ASHLAND – The theme of this year’s Stir-Up – Ashland Strong – honors the victims of the March flood and those who came to their aid.
With this theme in mind, it is appropriate that the Nebraska Strong Recovery Project is coming to the community this weekend to help those affected by the flooding.
“We reached out because we thought the theme was a good fit,” said Teresa Henning, team leader for the Nebraska Strong Recovery Project.
The team will be at Midwest Physical Therapy, 1409 Silver St., on Saturday from 10 a.m. to 3 p.m. and Sunday from 12 to 4 p.m.
The Nebraska Strong Recovery Project is an outreach program operated by Region V Systems. Region V provides behavioral health services in Saunders, Butler, Nemaha, Saline and Richardson counties.
Henning said the aim of the project is to help survivors of the flood recover emotionally from the natural disaster. Often, flood victims and survivors ignore their emotions as they deal with the loss of their physical property and possessions.
Also, volunteer community recovery efforts usually focus on the physical aspects of the natural disaster by providing things like food, clothing or cleaning supplies.
These are tangible resources, while mental health needs are not, Henning said.
“We are focused on the emotional aspect,” she added.
The Nebraska Strong Recovery Project team went door-to-door in the area after the flood to listen to stories, help problem-solve, to connect victims with resources and to provide education on the common reactions to disaster and the phases of disaster.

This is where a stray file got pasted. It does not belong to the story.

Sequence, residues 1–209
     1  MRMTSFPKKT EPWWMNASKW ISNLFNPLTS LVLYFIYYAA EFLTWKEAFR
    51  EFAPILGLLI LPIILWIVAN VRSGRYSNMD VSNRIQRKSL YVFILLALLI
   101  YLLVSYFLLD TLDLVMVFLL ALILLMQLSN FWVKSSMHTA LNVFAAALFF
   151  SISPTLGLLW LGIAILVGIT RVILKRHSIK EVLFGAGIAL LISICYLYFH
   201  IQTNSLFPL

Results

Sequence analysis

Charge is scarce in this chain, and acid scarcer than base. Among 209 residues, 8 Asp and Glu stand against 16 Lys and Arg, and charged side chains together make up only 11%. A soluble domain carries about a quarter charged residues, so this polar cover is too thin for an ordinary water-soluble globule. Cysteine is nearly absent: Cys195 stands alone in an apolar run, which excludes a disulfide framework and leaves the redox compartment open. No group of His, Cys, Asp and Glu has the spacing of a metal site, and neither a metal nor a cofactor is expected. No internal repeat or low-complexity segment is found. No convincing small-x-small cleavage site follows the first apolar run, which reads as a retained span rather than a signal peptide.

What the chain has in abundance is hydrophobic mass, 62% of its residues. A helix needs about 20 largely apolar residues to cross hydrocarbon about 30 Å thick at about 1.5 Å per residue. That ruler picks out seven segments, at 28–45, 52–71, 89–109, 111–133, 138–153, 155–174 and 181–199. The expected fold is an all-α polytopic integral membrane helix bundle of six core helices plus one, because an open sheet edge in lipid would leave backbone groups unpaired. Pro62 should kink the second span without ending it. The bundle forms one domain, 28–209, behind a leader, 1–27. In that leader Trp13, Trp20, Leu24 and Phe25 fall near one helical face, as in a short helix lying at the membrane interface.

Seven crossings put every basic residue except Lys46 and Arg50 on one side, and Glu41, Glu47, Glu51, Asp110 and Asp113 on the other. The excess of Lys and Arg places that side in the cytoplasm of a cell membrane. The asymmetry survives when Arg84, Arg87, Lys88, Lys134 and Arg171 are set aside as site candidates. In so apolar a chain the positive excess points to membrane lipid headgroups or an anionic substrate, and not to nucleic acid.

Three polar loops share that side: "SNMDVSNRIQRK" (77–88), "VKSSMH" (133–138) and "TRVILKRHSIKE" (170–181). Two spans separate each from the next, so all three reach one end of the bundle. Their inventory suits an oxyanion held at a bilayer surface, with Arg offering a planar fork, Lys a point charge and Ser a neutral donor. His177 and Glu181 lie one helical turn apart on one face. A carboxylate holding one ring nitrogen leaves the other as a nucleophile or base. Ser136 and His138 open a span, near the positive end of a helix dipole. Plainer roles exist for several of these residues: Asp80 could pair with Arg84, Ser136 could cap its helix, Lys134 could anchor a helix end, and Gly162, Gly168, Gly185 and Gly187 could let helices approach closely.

Henning said the team has been to the areas in and around Ashland that were affected, but they may have missed some people. That is why they are coming to Stir-Up.
“It is in an effort to reach additional folks who were not home when we canvassed or flood victims we don’t know about,” she said.
One of the most important ways the team can help is by simply listening, and Henning said there will be staff members in place to do so during Stir-Up.
“We often find it’s emotionally healing for someone to talk to someone who is really listening,” she said.
Even after Stir-Up is over, flood victims can find someone to talk with. Henning said there are hotlines available 24 hours a day.
The Nebraska Strong Recovery Project team will also have access to other resources that may be useful to persons who have been affected by flooding, Henning said. They network with a pool of resources to provide services not available locally.
“We do our best to try and share any unmet needs within the disaster community,” Henning said.
The project team can also provide educational materials about how disasters affect victims emotionally. There are phases to disaster recovery, according to the U.S. Department of Health and Human Services, that include pre-disaster, impact, heroic, honeymoon, disillusionment and reconstruction phases.
Understanding the phases of disaster and the common reactions to them can help survivors know what to expect as they move through the recovery process, Henning said.
Addressing flood-related mental health needs can help ward off potential health concerns that victims may face. Long-term stress, a common emotional reaction to a natural disaster, can lead to physical ailments like headaches, stomach problems or susceptibility to colds and viruses, and preexisting conditions can worsen, according to materials provided by the Nebraska Strong Recovery Project.
The state applied for a crisis counseling grant from the Federal Emergency Management Agency (FEMA) for the project. Similar programs were provided after the Hallam tornado in 2004, Hemming said.
The Nebraska Strong Recovery Project is in the initial services program now, said Henning. Although grant approval is pending, they expect to provide services through April 2020.
Only persons living in counties that have been declared for individual assistance program are eligible. Saunders and Cass counties were approved last April.
Residents of Cass County are served through the Region 6 Behavioral Healthcare in Omaha, so Henning said they will be referred to the Omaha office.